Scotland's road deaths - in numbers
For the first time in the eight years the number of people killed on Scotland's road has increased. The official statistics for 2014 showed 200 fatalities, up 28 on the previous year.
The number of road casualties - 11,240 - dropped to the lowest level since records began in 1950, continuing a steady decline from the bad old days of the 1960s and 1970s.
The Transport Scotland figures show 1970 was the worst year for road fatalities in Scotland, with 815 people killed.
Looking deeper into the figures we can see which areas of the country suffered most from road deaths.
Aberdeenshire is by far the worst, especially given its relatively small size, with 25 road deaths last year. The Highland council area recorded 19 deaths on the road. Glasgow City also had 19 deaths last year. However, this included the six people killed in the George Square bin lorry crash.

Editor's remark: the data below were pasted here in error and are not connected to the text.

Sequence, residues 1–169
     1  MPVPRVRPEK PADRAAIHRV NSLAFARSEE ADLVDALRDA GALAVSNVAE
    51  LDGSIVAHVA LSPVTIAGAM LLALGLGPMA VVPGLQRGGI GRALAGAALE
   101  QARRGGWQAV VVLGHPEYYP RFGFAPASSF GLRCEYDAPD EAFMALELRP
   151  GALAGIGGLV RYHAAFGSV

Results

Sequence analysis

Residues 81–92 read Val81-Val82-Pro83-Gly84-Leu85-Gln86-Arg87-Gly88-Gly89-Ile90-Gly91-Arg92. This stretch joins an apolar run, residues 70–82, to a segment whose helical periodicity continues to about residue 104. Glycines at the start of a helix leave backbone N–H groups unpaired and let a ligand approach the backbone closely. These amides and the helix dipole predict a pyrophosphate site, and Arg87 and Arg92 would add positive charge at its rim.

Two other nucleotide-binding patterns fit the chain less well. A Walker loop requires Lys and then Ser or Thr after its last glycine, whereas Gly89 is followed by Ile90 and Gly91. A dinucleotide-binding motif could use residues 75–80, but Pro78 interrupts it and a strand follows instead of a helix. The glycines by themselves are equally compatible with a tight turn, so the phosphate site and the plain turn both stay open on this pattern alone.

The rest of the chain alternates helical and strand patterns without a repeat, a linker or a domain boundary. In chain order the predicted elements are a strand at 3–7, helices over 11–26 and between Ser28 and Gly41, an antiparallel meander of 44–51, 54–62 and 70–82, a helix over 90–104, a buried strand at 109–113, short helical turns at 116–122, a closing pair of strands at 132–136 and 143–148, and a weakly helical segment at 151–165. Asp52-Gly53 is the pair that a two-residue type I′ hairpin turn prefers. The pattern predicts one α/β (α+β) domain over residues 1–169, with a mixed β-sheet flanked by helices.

Three Scottish council areas had no road deaths at all in 2014 - Clackmannanshire, East Renfrewshire and Midlothian.
According to Transport Scotland, almost two-thirds (64%) of deaths were on "non built-up roads". These are roads with a speed limit of more than 40 mph.
The government agency pointed out that these roads make up two-thirds of Scotland's road network, although maybe not as much of the traffic volume.
Seventy-four of the 93 car user deaths were on non built-up roads.
Three-quarters of road deaths were male (149 out of 200) in 2014.
Seven children under the age of 16 died last year.
Three were pedestrians and four were in cars when they died.